7 FHA’s Growing Size and Risk Economic Value of the Insurance Fund (single family part) – ‘Excess reserves’ represent resources available to offset any unexpected losses (i.e., those not anticipated by the actuarial model) – Falling over time in absolute amount and as share of insurance-in- force (see Table 6 in paper) FY2007: $21.277 billion FY2010: $5.160 billion FY2011: $1.193 billion – Capital ratios (2% minimum guideline) FY2007: 6.97% FY2010: 0.59% FY2011: 0.12% 7

8 Estimates of Fund Economic Value as End of FY 2011 ($ Millions) ItemEnd of FY 2010 a End of FY 2011 Cash$26,309 Investments4,128 Properties and Mortgages3,292 Other Assets and Receivables12 Total Assets$33,741 Liabilities(2,940) Total Capital Resources$30,801 Net Gain from Investments1,139 b Net Insurance Income in FY 2011(2,440) c Net Change in Properties and Mortgages(868) b Net Change in Accounts Payable85 b Transfer to HECM Account (535) b Total Capital Resources28,183 PV of Future Cash Flows on Outstanding Business(26,990) Economic Value$5,160 d 1,193 Unamortized Insurance-In-Force926,251 d 1,069,354 Amortized Insurance-In-Force879,875 d 1,009,154 a Source: Audited Financial Statements for FY 2010. b Estimated based on unaudited investment income provided by FHA. c Estimated based on unaudited net non-HECM operating cash flow through end of July 2011 provided by FHA and projected net cash flow for the remaining two months d From the FY 2010 Actuarial Review.

9 FHA’s Growing Size and Risk 9

10 The Critical Role of Future Books of Business – Value of Future Insurance Going Forward 10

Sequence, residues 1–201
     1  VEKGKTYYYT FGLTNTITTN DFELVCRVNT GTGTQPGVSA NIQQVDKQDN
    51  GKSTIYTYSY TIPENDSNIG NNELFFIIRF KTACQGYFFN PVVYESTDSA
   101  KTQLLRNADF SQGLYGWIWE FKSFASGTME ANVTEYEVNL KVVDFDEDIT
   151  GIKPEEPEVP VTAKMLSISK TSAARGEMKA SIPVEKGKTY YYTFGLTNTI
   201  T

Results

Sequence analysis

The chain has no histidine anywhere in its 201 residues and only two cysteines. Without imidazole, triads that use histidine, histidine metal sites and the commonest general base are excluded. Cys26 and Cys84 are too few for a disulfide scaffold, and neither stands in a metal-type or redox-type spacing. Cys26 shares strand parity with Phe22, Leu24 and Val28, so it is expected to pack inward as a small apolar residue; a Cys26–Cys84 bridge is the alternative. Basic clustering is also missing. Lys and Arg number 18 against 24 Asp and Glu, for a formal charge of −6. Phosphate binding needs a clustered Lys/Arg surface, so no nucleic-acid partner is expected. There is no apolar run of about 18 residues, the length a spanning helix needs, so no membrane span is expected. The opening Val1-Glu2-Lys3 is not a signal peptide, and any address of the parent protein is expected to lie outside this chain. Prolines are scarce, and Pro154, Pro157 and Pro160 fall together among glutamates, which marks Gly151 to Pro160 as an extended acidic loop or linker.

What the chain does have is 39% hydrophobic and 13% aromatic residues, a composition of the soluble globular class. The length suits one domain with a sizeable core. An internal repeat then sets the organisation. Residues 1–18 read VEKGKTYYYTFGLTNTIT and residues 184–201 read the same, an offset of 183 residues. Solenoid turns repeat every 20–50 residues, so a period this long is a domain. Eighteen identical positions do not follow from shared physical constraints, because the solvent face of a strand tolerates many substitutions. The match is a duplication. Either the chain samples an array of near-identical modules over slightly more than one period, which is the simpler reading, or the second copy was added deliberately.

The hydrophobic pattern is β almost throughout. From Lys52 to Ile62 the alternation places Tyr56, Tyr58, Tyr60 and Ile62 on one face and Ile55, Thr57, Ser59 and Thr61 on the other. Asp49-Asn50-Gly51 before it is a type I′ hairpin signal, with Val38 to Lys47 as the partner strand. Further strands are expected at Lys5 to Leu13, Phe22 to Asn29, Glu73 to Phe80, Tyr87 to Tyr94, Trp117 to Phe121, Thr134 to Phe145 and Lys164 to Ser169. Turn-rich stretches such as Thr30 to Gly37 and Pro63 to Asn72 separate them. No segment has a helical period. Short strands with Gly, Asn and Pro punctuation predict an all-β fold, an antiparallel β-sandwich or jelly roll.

11 Signs that Future Losses on the Single-Family Guarantee Portfolio Are Underestimated Over-Optimism in the Actuarial Reviews – Every future annual book of business since FY2005 has been estimated to be of positive value to the insurance fund – Contrasts with the predictions of actual losses on existing books in the last two actuarial reviews FY2010: -$25.392 billion FY2011: -$26.990 billion Extreme downside scenarios do not permanently bankrupt the insurance fund FY2010 review: fund recovers from additional 24% decline in house prices Not credible; typical loan being insured has less than 5% equity cushion; price declines of 500% of that amount should result in huge losses that overwhelm the fund 11

12 Underestimation of Future Losses on the Single-Family Guarantee Portfolio Four types of estimation or model errors lead to substantial underestimation of losses to the insurance fund – Improper accounting for unobserved credit risk Complex issue, but very important; probably worth $30+ billion in value Unemployment risk is the biggest factor here – Unrecognized down payment assistance in the FY2009 and FY2010 pools due to the tax credit program for new home buyers Could be worth $10+ billion in added losses, but requires much more research to pin this down – Underestimating negative equity in the insurance portfolio Via use of an inappropriate price index based on the values of homes bought with conventional homes Precise magnitude is unknown, but impact is likely to be large because negative equity is known to be a key trigger of default 12